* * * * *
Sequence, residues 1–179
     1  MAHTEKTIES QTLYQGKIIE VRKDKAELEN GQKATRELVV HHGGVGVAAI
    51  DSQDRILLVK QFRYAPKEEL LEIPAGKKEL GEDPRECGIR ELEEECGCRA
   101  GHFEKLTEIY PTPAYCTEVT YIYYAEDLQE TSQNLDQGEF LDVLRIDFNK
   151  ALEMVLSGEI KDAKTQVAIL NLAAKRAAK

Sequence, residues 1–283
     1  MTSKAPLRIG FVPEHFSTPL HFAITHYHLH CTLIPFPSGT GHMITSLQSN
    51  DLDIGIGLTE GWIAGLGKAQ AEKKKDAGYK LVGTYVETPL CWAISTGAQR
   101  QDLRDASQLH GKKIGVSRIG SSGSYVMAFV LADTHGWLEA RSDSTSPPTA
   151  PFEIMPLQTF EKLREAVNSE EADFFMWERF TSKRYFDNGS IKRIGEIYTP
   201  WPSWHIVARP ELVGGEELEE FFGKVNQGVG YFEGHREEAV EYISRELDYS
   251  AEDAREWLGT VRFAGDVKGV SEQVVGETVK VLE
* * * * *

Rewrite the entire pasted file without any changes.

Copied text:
Sequence, residues 1–179
     1  MAHTEKTIES QTLYQGKIIE VRKDKAELEN GQKATRELVV HHGGVGVAAI
    51  DSQDRILLVK QFRYAPKEEL LEIPAGKKEL GEDPRECGIR ELEEECGCRA
   101  GHFEKLTEIY PTPAYCTEVT YIYYAEDLQE TSQNLDQGEF LDVLRIDFNK
   151  ALEMVLSGEI KDAKTQVAIL NLAAKRAAK

Sequence, residues 1–283
     1  MTSKAPLRIG FVPEHFSTPL HFAITHYHLH CTLIPFPSGT GHMITSLQSN
    51  DLDIGIGLTE GWIAGLGKAQ AEKKKDAGYK LVGTYVETPL CWAISTGAQR
   101  QDLRDASQLH GKKIGVSRIG SSGSYVMAFV LADTHGWLEA RSDSTSPPTA
   151  PFEIMPLQTF EKLREAVNSE EADFFMWERF TSKRYFDNGS IKRIGEIYTP
   201  WPSWHIVARP ELVGGEELEE FFGKVNQGVG YFEGHREEAV EYISRELDYS
   251  AEDAREWLGT VRFAGDVKGV SEQVVGETVK VLE